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Can a Wearable Bitcoin Wallet Bring Cryptocurrency Into Meatspace?

Paying in Bitcoin already offers tons of advantages over credit cards. It’s by-default more secure, and on the internet at least, faster and easier. However, paying with bitcoin IRL has until now been pretty clunky, generally involving scanning multiple QR codes, signing and approving. All that may change, however, with the introduction of technology aimed at simplifying paying with Bitcoin at the point of sale. BIPS has made this possible by using the Samsung Galaxy Gear Watch.

The Samsung Galaxy Gear is an Android-based smartwatch that with a few tweaks is able to run just about any Play Store app, including Mycelium Bitcoin Wallet. With it, users can buy items in a store or share a dinner bill with a friend in Bitcoin with a tap of their watches. Perhaps most interestingly, it allows users to keep their private keys on a native hardware wallet, off and away from online wallets.

The most challenging aspects of accepting Bitcoin for brick-and-mortar retail businesses are clunkiness and differentiating each customer from the previous customers.

The watch is connected to the internet via Bluetooth phone tether. It is the first wearable Bitcoin wallet, taking what has previously been the realm of fitness and applying it to payments. Users can scan QR codes, make secure payments and even use Chirp to send payments via sound waves.

One aspect that is great for customers, but maybe not as great for merchants, is the fact that BIPS does not actually collect any customer information, only merchant information.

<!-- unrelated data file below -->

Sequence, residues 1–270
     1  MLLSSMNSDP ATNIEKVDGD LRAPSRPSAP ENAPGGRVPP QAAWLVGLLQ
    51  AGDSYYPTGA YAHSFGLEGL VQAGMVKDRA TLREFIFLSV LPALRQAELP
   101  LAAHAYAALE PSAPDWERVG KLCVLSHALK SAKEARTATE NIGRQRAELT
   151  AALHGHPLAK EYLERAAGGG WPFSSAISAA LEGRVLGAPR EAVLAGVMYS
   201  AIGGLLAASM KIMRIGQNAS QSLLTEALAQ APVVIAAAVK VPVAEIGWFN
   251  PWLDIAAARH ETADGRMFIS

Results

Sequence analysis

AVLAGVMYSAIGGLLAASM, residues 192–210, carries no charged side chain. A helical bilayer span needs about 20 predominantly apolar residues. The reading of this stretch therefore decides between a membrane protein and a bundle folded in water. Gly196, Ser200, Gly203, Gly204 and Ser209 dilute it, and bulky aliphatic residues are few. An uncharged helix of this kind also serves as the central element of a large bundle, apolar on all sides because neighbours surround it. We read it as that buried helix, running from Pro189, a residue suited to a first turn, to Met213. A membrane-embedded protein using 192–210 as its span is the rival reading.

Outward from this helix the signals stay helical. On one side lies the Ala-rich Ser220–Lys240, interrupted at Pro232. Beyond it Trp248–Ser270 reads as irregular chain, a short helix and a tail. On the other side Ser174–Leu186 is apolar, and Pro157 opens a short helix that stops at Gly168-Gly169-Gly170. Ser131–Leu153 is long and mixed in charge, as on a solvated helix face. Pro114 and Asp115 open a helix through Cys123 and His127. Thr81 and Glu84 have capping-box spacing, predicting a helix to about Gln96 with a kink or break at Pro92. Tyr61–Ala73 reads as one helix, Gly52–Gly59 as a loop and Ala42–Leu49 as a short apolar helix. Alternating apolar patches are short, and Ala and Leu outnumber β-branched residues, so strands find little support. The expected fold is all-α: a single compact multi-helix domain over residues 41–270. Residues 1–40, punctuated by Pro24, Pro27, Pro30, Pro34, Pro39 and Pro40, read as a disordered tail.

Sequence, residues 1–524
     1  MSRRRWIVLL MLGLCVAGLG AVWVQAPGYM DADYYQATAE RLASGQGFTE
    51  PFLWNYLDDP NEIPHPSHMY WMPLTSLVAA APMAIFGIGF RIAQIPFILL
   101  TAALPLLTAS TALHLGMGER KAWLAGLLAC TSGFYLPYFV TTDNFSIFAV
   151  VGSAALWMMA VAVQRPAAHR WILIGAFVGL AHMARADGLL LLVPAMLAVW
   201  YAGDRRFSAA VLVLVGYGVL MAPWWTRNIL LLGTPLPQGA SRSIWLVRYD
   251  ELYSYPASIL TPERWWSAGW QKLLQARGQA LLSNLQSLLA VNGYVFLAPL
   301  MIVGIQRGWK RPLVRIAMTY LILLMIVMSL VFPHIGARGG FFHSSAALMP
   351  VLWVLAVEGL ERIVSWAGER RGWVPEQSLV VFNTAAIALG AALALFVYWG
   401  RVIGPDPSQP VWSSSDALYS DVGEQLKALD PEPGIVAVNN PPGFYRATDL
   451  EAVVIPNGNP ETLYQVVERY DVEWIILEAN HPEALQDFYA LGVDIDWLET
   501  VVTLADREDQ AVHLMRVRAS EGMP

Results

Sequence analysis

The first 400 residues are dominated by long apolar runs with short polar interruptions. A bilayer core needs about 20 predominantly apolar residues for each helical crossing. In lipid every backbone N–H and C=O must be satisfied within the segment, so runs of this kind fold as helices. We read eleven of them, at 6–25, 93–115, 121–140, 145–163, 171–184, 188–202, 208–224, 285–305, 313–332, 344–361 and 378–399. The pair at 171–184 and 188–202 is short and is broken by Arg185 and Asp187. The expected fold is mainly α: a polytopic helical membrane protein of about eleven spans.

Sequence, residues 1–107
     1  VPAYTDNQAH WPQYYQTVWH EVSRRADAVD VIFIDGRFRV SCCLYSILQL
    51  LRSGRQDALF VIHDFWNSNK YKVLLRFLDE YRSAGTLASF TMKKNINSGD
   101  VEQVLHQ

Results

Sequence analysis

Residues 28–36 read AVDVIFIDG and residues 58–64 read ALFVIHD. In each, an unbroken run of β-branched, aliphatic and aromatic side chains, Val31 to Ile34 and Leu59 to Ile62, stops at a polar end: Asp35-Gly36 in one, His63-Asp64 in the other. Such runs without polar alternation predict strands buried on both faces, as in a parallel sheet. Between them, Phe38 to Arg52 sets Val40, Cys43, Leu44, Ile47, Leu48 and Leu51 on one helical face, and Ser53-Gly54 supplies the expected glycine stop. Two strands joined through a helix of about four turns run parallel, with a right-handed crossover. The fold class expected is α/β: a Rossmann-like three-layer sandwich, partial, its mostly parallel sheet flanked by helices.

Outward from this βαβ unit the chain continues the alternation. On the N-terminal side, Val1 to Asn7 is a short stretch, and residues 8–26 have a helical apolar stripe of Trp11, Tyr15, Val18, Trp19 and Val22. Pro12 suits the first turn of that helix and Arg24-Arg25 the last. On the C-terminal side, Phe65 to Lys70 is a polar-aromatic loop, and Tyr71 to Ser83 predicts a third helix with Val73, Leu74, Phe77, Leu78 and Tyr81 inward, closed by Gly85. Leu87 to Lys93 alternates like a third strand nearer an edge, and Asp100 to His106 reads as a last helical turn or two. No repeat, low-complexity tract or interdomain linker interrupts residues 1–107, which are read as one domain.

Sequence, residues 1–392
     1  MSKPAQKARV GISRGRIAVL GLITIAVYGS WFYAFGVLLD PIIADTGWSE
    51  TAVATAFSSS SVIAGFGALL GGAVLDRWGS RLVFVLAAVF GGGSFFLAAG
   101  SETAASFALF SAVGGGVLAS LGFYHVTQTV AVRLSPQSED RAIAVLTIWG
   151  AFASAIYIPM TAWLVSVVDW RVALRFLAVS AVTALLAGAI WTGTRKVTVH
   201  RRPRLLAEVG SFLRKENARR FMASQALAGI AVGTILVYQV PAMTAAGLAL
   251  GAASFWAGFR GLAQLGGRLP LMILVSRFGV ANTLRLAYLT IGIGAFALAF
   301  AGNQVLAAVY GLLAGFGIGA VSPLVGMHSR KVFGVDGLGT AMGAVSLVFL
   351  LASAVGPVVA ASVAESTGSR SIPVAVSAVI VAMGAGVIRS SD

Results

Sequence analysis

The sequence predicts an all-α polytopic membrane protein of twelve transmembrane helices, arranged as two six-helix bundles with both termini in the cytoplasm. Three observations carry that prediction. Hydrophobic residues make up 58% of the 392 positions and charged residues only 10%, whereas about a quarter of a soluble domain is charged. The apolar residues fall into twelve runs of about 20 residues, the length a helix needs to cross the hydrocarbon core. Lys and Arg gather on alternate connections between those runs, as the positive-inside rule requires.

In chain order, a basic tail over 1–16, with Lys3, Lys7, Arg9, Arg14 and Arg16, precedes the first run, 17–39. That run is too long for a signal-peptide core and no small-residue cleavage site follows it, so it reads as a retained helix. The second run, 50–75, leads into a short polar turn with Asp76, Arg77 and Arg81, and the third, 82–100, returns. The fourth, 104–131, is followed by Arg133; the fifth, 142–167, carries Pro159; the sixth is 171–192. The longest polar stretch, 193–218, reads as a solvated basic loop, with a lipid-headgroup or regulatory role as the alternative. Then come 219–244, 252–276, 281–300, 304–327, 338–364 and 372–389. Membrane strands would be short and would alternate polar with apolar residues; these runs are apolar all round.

“The more information we collect the more prone we are to attacks and risking people’s personal data being leaked,” said Kris Henriksen, a media representative for BIPS. “Hence we have chosen not to collect merchants’ customer data as it is irrelevant to our services. And as such we do not need to replace the customer data credit cards provide.”

However, merchants find the customer data that credit card purchases provide extremely valuable. To make up for this deficit, whose value is undoubtedly overshadowed by the increased security of Bitcoin payments, merchants can take further advantage of customer loyalty programs.

Innovations in point of sale will make taking and offering Bitcoin as payment safer, easier and more efficient. Having more choices in how to pay is undoubtedly better, though it’s yet to be determined how long credit cards will remain the default mode of payment.

Cathy Reisenwitz

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